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It was 84 years ago today, that Charles Lindbergh took his first flight in the Spirit of St. LouisLindbergh with Ryan Reps.  "This morning I'm going to test the Spirit of St. Louis," Lindbergh wrote in his book The Spirit of St. Louis.  "It's the 28th day of April ... What a beautiful machine it is, resting there on the field in front of the hangar, trim and slender, gleaming in its silver coat!  All our ideas, all our calculations, all our hopes lie there before me, waiting to undergo the acid test of flight.  For me, it seems to contain the whole future of aviation.  When such planes can be built, there's no limitation to the air."

The Spirit was built by 35 employees of Ryan Airlines, Inc., in San Diego, California.  It took just 60 days.


This was a question on the minds of Mrs. Stamper’s 8th grade class from Hanover, Mass.  The class had read a non-fiction excerpt called "Flying" by Reeve Lindbergh.  As a follow-up, Mrs. Stamper showed the film "Spirit of St. Louis" with Jimmy Stewart.  The students wanted to know:


Charles Lindbergh in Helmet“...if Charles Lindbergh did wear cotton balls in his ears for his true solo flight. "  Mrs. Stamper explained that the students "noticed it immediately and questioned it because in the excerpt by Reeve she notes that her father discouraged the use of cotton balls as it took away from the "true" experience.”

 

Initially, I was inclined to agree with the 8th graders, but upon referring to the biography, “Lindbergh” written by A. Scott Berg (pg. 115 paperback), he states, “At 7:51 a.m., Lindbergh buckled his safety belt, stuffed each ear with a wad of cotton, strapped on his wool-lined helmet, and pulled his goggles down over his eyes.”  However, Lindbergh does not mention the cotton in his book “The Spirit of St. Louis” (pg. 175 paperback).  He writes: “I buckle my safety belt, pull goggles down over my eyes, turn to the men at the blocks, and nod.”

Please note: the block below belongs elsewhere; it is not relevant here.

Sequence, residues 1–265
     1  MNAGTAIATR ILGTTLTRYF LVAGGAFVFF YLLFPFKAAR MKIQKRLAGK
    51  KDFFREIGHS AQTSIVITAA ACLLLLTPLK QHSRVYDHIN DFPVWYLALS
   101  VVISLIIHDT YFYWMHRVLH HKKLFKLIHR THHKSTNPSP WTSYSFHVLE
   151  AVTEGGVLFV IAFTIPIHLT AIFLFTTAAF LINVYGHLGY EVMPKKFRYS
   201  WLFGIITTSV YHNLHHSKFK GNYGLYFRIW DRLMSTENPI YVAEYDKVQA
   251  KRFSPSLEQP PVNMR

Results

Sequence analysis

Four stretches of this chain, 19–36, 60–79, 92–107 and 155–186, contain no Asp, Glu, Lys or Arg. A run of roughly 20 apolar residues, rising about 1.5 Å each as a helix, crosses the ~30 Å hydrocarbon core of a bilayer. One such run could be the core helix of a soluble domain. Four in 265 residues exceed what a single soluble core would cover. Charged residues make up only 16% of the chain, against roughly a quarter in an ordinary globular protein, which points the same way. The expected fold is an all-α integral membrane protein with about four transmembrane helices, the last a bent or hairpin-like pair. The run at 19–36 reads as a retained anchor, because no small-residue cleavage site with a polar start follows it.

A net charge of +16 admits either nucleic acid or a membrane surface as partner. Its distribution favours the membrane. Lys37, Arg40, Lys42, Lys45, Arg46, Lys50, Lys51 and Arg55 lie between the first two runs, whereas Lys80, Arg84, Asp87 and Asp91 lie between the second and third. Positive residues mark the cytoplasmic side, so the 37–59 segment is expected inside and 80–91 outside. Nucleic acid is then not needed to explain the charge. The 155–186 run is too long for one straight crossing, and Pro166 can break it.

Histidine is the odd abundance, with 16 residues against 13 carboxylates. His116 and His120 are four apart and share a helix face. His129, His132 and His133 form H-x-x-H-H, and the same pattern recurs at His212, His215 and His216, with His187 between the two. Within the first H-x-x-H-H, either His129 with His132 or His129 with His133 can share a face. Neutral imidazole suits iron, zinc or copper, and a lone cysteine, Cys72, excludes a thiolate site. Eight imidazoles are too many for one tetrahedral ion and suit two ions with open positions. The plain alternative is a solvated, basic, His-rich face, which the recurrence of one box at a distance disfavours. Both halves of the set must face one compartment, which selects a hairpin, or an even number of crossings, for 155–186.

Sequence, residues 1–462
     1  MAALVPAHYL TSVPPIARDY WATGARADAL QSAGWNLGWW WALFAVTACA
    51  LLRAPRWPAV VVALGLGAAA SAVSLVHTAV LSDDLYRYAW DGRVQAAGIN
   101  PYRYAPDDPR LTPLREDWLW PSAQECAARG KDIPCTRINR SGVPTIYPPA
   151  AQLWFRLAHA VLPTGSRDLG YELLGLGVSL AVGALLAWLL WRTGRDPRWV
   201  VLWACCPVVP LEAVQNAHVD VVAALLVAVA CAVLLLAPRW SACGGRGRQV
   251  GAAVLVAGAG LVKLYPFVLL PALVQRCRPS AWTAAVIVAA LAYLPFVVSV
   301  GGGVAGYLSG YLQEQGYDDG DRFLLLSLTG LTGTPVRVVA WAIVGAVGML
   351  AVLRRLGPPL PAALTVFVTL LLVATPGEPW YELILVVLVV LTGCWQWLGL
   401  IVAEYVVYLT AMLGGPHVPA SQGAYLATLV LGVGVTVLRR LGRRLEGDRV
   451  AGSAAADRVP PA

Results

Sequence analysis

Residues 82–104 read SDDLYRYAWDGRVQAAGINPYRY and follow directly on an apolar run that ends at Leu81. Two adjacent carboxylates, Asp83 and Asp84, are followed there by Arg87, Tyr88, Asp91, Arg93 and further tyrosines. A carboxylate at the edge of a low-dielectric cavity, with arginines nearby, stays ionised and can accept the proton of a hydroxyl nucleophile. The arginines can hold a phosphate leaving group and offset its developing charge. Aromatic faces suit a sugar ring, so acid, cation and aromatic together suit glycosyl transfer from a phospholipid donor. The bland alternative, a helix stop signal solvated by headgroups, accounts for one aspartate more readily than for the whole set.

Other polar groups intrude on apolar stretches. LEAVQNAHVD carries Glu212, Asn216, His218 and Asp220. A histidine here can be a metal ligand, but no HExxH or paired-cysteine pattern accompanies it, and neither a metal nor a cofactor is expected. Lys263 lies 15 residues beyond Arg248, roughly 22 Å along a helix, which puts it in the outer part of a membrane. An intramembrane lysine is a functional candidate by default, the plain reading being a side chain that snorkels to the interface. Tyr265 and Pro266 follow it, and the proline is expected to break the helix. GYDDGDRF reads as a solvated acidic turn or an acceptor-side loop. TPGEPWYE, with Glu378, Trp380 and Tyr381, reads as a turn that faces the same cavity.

So, I asked Lindbergh’s youngest daughter, Reeve, (who is the honorary chairman of the Lindbergh Foundation, by the way) what she thought about this question.  Here’s what she said:

 

I think Scott Berg is probably right, because he researched the book (his biography of my father)  meticulously for eight years before he wrote it. If he says that my father put cotton balls in his ears for the *Spirit* flight, I strongly suspect that he (Scott) found a reliable source for that information.

Gee, I wish I'd known this when I was flying with my father! He *definitely* did not like us to use cotton balls when we were flying with him. (Probably because we couldn't hear his instructions from the front cockpit). But I also know that the *Spirit* was much, much noisier than any airplane I ever flew in with him when I was a child, because I've flown in the *Spirit* replica. Yikes!
Maybe my father felt that modern (1950's era) small planes were so much less noisy than the ones he flew in the early days that cotton balls were unnecessary, even though he had used them himself in the pioneering aviation era.
That's my best guess.


Reeve

 


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